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Methods For Estimating Air Traffic Capacity Reductions Due To Convective Weather For Verification


As the United States is moving toward automated air traffic decision tools (Next Generation Air Transportation System—NextGen), evaluating forecasts for potential operational use is of primary importance. Air traffic management needs reliable and accurate convective forecast information from 0 to 8 h to be used to route air traffic between convective weather and through aviation centers, sectors, and jetways. An important criterion in evaluating the potential usefulness of a particular forecast for convective forecasting is structure. Measuring the accuracy of convective structure can be accomplished in a few ways, including: bias measurements, grid-to-grid skill scores, and also convective orientation measures. Orientation measurements become of great importance as convection within a sector from a forecast may have the same coverage as the actual observation (bias=1); however, the forecast indicates scattered air mass-type thunderstorms whereas the observations show a strong linear system. Clearly, the solid linear feature of the observation field would cause a major disruption to air traffic flow whereas the scattered convection from the forecast may indicate the possibility to fly between the convective cells. Two orientation measures are introduced herein: the Mincut Bottleneck and Euclidean Distance approaches. Both methods currently utilize the overlay of significant convective hazards (combination of radar reflectivity and echo top height estimations) onto high altitude sector geometry for estimations of sector porosity and subsequently sector capacity reduction estimations. In addition to deterministic forecasts, both methods support the evaluation of probabilistic forecasts (such as LAMP and RCPF). These methods can be changed for future realizations of air traffic management space. This paper describes the above algorithms and their impact on evaluating forecasts for NextGen applications.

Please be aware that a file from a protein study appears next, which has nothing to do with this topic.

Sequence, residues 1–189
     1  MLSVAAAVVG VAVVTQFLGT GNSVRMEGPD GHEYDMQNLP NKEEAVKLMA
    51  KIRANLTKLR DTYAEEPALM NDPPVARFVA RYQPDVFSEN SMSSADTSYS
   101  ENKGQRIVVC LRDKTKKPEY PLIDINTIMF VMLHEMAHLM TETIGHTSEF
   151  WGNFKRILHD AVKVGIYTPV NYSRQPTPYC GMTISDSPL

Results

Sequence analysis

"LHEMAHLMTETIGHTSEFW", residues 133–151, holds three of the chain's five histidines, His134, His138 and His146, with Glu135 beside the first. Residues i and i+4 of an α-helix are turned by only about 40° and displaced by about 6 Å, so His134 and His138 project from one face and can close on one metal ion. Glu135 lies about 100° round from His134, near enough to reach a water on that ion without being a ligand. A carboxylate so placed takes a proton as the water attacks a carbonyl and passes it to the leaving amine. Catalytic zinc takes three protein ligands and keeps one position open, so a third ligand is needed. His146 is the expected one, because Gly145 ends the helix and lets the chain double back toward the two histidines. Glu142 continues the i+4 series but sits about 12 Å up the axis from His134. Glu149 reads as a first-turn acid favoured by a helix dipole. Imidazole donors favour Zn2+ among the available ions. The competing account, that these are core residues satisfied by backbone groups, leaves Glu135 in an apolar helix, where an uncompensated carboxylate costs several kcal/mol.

Article / Publication Data
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Published On
January 01, 2010

This publication was presented at the following:

14th Conference on Aviation, Range, and Aerospace Meteorology
American Meteorological Society
Conference presentation


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Authors who have authored or contributed to this publication.

  • steven A. lack - Not Positioned Gsl
    Cooperative Institute for Research in Environmental Sciences, University of Colorado Boulder
    NOAA/Global Systems Laboratory